In a secluded woodland castle, an old General prepares to receive a rare visitor, a man who was once his closest friend but whom he has not seen in forty-one years. Over the ensuing hours host and guest will fight a duel of words and silences, accusations and evasions. They will exhume the memory of their friendship and that of the General's beautiful long-dead wife. And they will return to the time the three of them last sat together following a hunt in the nearby forest- a hunt in which no game was taken but during which something was lost forever.
With this foundation laid, the story picks up with Konrad arriving to have dinner with Henrik. The table is set exactly as it was the last time they were together. Past events unfold through Henrik's voice, as he seeks to learn more about Konrad's life and uncover the truth which has been the source of so much pain over the years. This pain has smoldered, like the embers of the title, consuming Henrik body and soul. As the meal and the night wear on, the nature of their conflict is revealed in tiny fragments leading to the inevitable conclusion.
Sandor Marai weaves a tale that is surprisingly compelling, since it is told through primarily through Henrik's one-sided conversation with Konrad. The narrative's emotional depth was surprising. All too often, male friendships are portrayed as superficial. It was the strength of their bond, and the searing pain felt by both Henrik and Konrad is precisely what makes Embers such a special work.
The novel opens in a castle in Hungary sometime in the early twentieth century when an elderly General receives a letter from a boyhood friend he hasn’t seen or talked to for over 41 years. Marai then spirals back in time to orient the reader to the General’s early years growing up as the privileged son of the Officer of the Guards. Henrik’s future was laid out for him to become a soldier of status, and early in his life he meets Konrad - a poor, musically gifted boy whose roots lie in Poland. The two boys become unlikely friends. The reader is also introduced to Nini - a nursemaid who has been with Henrik for 75 years having helped birth him. She is a mysterious figure and the only person with whom Henrik seems to have developed a lasting and meaningful relationship.
Once the stage is set, Marai returns the reader to present day - a day swathed in anticipation and secrets as Konrad arrives at the castle to dine with Henrik and discuss the last time they saw each other. Henrik has become a man of solitude, living mostly alone in the castle and waiting for the day when Konrad would return to reveal his motivations for abandoning Henrik.
Marai’s writing is drenched in mood and suspense. The castle stands in a wilderness filled with deer and bear, candles flicker, and the dead are brought back to life with Henrik’s recollections of a time long gone. The beautiful Krisztina, Henrik’s wife who has now been dead more than eighteen years, now seems to hover in the background.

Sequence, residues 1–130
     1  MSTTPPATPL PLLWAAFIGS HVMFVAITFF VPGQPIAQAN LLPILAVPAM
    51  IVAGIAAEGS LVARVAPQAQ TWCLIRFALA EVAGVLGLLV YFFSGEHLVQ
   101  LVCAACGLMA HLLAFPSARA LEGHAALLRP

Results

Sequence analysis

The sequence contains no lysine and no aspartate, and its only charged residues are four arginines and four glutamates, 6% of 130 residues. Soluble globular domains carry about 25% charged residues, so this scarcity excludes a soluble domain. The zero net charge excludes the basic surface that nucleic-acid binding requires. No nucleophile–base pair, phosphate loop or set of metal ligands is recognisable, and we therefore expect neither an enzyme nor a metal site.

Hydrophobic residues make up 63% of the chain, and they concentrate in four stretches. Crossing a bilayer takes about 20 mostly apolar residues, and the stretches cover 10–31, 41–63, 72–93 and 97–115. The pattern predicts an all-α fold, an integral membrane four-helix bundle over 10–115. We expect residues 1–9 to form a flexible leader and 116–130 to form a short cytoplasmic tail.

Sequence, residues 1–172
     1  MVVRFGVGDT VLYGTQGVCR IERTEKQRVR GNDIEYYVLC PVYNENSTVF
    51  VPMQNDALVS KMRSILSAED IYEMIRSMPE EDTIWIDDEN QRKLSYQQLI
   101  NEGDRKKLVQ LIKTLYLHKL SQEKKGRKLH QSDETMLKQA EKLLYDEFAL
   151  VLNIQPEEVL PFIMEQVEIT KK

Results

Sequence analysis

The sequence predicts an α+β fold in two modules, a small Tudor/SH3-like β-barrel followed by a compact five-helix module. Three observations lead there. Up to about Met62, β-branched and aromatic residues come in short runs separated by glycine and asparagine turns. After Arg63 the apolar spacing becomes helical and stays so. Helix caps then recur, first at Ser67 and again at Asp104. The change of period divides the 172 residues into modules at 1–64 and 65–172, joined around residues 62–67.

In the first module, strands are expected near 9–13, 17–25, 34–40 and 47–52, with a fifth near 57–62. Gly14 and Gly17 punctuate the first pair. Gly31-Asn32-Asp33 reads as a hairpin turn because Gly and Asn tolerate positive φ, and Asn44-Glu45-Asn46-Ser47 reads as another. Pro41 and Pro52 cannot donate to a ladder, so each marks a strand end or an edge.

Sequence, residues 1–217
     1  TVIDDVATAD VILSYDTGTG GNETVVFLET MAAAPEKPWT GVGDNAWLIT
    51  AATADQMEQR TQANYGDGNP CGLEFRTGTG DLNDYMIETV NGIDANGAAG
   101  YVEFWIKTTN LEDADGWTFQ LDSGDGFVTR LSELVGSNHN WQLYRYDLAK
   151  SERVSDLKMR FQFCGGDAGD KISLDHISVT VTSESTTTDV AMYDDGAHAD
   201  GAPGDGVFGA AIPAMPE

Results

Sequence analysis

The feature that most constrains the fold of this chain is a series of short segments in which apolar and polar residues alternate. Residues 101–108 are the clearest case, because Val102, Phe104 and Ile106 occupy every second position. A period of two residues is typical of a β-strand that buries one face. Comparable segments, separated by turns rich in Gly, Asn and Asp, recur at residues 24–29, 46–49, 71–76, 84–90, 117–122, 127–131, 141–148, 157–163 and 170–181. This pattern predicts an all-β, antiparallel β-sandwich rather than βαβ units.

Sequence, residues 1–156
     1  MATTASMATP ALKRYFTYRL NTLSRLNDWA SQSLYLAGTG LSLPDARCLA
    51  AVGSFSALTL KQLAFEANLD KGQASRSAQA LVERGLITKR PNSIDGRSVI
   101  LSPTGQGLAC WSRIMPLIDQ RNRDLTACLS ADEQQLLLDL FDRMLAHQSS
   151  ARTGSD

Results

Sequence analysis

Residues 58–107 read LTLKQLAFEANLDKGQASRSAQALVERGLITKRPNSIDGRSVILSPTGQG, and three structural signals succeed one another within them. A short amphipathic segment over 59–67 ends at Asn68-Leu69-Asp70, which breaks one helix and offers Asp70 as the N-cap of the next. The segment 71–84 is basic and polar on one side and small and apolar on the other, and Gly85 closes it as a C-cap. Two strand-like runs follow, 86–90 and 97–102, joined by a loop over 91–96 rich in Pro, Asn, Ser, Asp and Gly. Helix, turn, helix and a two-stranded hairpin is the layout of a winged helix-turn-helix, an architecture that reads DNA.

With tremendous skill, Marai writes of guilt, betrayal, love and revenge while he unravels the story of Henrik and Konrad and why they parted many years before.
Marai is a skilled writer who crafts a story of two men and their friendship. He asks difficult and thought-provoking questions about the nature of humans and why they do what they do. Marai’s writing is eloquent. His narration is magnificently constructed which creates the suspense in what is largely a character driven novel.
In the end, two questions are posed which are left for the reader to answer - not a neat ending, but a thoughtful one.
But somewhere, about 2/3 through the novel, I started to get bored with it. It began to remind me of Strindberg's one-act play, The Stronger, in which two women, former friends, meet in a coffee shop. In both works, one character (the General in Embers, Mrs. X in The Stronger) keeps up a running monologue of thoughts, observations, and questions, while the other either remains silent by choice or is cut off by the talker whenever he/she wishes to respond. It worked well in a one-act play, with the dominant character ultimately adding up the evidence of what had happened and insisting that she had 'won' their competition in the end. In Embers, however, it just went on too long and became a rather tedious, pretentious rant vaguely attempting to philosophize about human nature. I can understand why other readers liked the book so much, but it just wasn't to my taste.